Looking into Leard

Being on the edge of the Leard Forest here at camp, apart from maps I didn’t have much of an idea of its scope and what it might lose if Mr Burke doesn’t do the right thing by it.

This morning Murray drove us around this state forest under threat from creeping coalmining.

It’s varied in height and vegetation, with trees that I’m not familiar with, like White Box, Pilliga Box and Poplar Box (Bimblebox) as well as those I know, like Ironbark, Callitris, Casuarina and Kurrajong.

It won’t matter much what’s here if Whitehaven’s Maules Creek mine is allowed to proceed, with the travesty of offsets they propose to replace what they clear here.


This is where they will start; it was a test drill site and this is their idea of rehabilitation.


From a higher point we could look back and see both forest and farmland that are in Whitehaven’s sights. Of course many other farms (and farming families) will go if their proposal isn’t thrown out as it ought to be, because it won’t be bearable to live here then.

The noise from the Boggabri mine resumed its usual loud rumble and clank yesterday, presumably after pumping water out of the pit of several days, and after a blast that clearly still had water in the hole.


The result was this toxic orange cloud of nitrous oxides plus… (snapped by S.K. after we heard the blast.)

You’re supposed to seek immediate medical help if you’re exposed to this, as it can ‘result in delayed health effects that may be potentially life-threatening.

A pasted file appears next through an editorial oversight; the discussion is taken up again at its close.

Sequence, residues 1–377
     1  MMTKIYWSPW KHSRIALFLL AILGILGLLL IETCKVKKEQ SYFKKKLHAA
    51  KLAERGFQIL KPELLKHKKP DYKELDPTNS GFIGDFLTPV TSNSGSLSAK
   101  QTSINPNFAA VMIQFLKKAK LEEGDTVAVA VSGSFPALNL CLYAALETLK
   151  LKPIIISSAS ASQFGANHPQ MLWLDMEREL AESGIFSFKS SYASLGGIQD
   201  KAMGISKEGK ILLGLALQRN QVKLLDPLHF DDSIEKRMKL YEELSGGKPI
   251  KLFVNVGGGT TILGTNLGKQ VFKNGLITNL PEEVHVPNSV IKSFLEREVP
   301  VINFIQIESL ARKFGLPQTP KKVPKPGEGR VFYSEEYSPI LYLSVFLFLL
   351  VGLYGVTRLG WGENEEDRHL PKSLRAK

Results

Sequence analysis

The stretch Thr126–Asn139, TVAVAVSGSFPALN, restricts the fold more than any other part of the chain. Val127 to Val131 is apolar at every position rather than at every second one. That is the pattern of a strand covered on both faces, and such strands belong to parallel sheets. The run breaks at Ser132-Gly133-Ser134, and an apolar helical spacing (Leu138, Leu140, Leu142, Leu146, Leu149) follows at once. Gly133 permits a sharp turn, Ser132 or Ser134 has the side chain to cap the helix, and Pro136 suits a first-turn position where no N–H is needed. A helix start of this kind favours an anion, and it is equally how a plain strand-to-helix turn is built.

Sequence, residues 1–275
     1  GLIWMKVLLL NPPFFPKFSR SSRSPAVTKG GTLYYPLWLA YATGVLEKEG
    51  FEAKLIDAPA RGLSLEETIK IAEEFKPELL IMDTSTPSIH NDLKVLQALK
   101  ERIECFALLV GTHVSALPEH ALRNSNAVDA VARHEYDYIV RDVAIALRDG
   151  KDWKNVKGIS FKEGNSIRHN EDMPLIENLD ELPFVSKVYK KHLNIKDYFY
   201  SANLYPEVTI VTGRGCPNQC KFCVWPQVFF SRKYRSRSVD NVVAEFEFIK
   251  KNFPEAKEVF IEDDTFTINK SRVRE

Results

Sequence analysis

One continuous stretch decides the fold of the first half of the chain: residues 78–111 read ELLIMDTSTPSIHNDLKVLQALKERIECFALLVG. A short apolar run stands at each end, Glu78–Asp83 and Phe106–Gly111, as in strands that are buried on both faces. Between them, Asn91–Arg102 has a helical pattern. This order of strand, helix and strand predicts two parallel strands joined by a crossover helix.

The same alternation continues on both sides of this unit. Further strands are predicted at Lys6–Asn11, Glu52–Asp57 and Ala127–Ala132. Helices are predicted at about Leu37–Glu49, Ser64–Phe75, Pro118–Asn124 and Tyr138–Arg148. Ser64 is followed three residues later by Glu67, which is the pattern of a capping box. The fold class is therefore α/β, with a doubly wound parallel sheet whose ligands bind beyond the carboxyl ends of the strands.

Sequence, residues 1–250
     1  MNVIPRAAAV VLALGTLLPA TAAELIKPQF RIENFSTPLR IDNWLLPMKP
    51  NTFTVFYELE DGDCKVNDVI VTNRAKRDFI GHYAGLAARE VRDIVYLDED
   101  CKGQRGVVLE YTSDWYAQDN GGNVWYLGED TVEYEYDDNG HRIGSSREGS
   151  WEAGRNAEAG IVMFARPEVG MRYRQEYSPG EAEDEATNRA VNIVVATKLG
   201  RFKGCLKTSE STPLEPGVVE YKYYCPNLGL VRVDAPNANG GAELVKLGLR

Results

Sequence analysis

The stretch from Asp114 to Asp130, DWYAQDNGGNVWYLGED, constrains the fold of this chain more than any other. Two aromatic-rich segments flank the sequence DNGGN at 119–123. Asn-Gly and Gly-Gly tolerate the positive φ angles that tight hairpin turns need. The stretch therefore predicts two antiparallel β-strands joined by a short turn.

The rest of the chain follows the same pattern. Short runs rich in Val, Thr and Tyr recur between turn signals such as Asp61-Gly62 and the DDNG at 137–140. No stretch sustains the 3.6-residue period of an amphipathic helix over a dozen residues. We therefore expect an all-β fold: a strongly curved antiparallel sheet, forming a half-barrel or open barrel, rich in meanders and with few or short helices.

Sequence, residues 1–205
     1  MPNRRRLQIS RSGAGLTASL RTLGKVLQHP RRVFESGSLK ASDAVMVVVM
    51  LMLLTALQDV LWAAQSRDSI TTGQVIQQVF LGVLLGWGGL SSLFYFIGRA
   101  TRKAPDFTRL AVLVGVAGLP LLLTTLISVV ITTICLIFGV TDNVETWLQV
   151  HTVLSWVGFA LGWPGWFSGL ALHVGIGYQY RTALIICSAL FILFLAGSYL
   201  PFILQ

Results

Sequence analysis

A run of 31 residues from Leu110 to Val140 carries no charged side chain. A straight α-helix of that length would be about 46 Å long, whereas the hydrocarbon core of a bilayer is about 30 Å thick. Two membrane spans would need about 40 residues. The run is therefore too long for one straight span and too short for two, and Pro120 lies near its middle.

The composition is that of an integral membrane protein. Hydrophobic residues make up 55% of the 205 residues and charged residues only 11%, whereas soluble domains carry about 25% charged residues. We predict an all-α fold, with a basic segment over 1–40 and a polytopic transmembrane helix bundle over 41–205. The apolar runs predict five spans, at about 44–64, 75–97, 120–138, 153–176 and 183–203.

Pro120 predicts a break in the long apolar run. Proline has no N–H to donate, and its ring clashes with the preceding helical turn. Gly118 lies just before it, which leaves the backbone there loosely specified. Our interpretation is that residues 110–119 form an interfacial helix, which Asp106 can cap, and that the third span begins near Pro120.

Low levels can lead to effects from irritation of eyes, nose, throat and lungs, coughing, shortness of breath, tiredness and nausea … which can cause fluid build-up in the lungs and further complications. 

One local here told me that he and several others who were caught in such a windblown orange plume had each thought they had some sort of weird flu until they compared notes. 

High levels of exposure, even in short bursts as in post-mine blasts, have impacts from headaches to coma — to death.


But today, I was on the lookout for ground-based wonders, and there were plenty, from weathered wood sculptures to lichened rocks.


Murray’s affectionate dingo cross, Dubi, did her best to keep an eye out from the seat beside me.


In the forest that is not slated for mining (or not yet) I saw some big old trees with lots of hollows, and I wondered how all the creatures will manage to fight over these and find a home if two-thirds of the forest is destroyed?

But that is not a fait accompli, which is partly my message when I speak here at Maules Creek Hall at 7.30pm on Friday 1st February.

4 thoughts on “Looking into Leard”

  1. Well said, as always, Bev! The Boggabri rehab slopes have about 3 species on them; hardly a rich complexity as here.

  2. ” … the travesty of offsets they propose.. to replace what is now here..” your word “replace” says it all.
    Like saying that one can remove a man’s leg, and name the other as an offset… same species, size, even a close location! So one can replace the other. Sure thing. But walking gets difficult.
    We can make prosthetic legs; nature can’t do a new Leard.
    Thanks Sharyn for a view in.

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